The Most Exceptional Eyeless Animals in the World

When it comes to evolution, anything that doesn’t serve the animal in surviving its immediate environment becomes atrophied over time. This can be seen in animals that live in places with little to zero access to light; living in such conditions means that their eyes are now totally useless and unnecessary organs. In this article, we’ve highlighted some of the most unique and fascinating subterranean creatures that found a way to keep on thriving in their cold, dark homes. 

1. Blind Spider

One of the well-known facts surrounding spiders is that they possess eight legs and anywhere between two and eight legs. However, very few people are aware of certain species of spiders that have none at all! That’s because they were discovered only fairly recently in 2012 by scientist Peter Jäger, 60 miles from the enormous Xe Bang Fai river cave in Laos. So far, only 1,100 of these giant huntsman spiders have been accounted for, and their translucent body and heightened senses are a clear indication of their gloomy lifestyle.

2. Texas Blind Salamander

As with any animal that lives in near or total darkness, the Texas blind salamander is a spooky fellow with a pale white appearance, two tiny spots under the skin where their eyes used to be and extended gills along its neck to allow for underwater breathing during the adult phase. These salamanders are reasonably sized, measuring up to 5.5 inches long and can only be found in a system of caves full of water from the Edward Aquifer in Hays County, Texas. Their remaining senses are top notch, with the salamander being able to tell when its potential dinner is lurking nearby.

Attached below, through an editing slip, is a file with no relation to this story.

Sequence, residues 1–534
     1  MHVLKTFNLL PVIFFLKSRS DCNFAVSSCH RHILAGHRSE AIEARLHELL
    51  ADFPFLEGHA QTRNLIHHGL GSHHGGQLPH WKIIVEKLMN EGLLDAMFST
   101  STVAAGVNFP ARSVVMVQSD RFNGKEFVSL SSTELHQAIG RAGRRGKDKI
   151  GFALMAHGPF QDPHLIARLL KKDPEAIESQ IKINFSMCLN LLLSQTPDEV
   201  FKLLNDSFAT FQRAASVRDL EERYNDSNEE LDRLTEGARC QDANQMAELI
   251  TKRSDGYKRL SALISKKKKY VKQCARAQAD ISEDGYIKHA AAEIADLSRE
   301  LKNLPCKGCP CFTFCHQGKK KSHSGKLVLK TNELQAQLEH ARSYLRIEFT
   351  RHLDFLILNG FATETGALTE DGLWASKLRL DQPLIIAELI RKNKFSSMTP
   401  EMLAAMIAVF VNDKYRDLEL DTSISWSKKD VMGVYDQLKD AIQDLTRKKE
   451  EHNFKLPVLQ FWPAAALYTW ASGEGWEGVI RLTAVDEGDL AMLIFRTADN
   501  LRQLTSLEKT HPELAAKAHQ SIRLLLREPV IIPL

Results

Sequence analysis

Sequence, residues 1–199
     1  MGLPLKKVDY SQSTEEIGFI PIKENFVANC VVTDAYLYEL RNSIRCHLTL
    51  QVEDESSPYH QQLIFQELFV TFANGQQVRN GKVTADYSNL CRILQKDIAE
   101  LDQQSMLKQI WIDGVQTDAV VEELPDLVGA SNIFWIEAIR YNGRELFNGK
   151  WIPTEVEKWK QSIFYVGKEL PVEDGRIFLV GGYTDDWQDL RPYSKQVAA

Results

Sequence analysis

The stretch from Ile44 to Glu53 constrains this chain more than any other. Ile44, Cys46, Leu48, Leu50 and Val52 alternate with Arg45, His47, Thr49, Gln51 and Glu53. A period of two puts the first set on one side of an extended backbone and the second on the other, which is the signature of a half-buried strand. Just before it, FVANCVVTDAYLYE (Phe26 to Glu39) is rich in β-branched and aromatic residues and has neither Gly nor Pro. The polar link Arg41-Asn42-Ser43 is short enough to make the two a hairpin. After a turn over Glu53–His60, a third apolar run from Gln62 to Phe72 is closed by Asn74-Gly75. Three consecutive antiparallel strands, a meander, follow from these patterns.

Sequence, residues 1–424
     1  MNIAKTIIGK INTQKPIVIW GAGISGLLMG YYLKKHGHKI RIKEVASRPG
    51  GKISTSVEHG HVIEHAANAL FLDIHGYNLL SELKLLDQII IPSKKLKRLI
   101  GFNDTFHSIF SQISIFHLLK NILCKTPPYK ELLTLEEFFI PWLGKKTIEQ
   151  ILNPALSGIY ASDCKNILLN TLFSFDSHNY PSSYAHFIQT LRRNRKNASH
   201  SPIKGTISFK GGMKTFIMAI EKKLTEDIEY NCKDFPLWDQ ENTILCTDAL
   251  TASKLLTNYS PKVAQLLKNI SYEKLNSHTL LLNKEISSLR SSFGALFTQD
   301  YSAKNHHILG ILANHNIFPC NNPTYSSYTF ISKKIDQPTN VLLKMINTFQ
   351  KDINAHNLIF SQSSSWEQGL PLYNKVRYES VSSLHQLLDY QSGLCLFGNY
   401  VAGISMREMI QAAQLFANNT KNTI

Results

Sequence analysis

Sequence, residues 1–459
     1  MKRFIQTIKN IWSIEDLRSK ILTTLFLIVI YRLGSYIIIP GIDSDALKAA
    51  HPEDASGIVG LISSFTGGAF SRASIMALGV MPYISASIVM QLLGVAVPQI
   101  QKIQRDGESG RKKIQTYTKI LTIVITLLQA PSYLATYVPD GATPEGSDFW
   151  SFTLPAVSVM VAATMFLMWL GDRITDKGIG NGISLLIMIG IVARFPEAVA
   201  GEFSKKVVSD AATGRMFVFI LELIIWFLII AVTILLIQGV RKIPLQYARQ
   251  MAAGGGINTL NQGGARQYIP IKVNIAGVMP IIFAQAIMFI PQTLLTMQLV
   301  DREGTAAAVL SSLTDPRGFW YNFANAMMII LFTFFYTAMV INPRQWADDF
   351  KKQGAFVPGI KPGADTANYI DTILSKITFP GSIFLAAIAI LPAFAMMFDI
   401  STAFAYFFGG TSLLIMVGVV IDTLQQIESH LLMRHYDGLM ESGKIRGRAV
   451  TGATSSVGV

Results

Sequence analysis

3. Mexican Tetra

Appearance-wise, the Mexican Tetra, also known as the blind cavefish or Astyanax mexicanus, appears no different than other tetra fishes save for the fact that you can see its bones and internal organs. And no, it’s not its own separate species, just a variant of the Mexican tetra that have adapted over time in order to navigate the dim underwater caves. Juveniles do in fact possess some light sensing ability, but this trait does not stick around in adulthood as it is more convenient for the fish to navigate its environment via water pressure fluctuation sensing.

4. Blind Deep Sea Lobster

The blind deep sea lobster looks absolutely nothing like its sighted cousins—that bright-orange pigmented shell is now replaced by a ghostly one with only a hint of color remaining at the tip of its tails, appendages and head. Since their discovery in 1880, the blind deep sea lobster has only been documented in the depths of the Philippine Sea, some 984 meters below. Its claws are another unusual feature; they are so disproportionate that the longer claw is nearly the length of the lobster’s entire body.

5. Blind Cave Crayfish

Another contender for the most exceptional eyeless animal is none other than the blind cave crayfish, a close relative of lobsters. And, like the other creatures on this list, the blind cave crayfish appears to be nothing more than a ghastly apparition of its regular cousins. The blind cave crayfish first caught the attention of the scientific community back in August 16, 1999 in muddy, flooded caves in Ozark County, Missouri where they feed on equally blind prey including the blind cave salamander.

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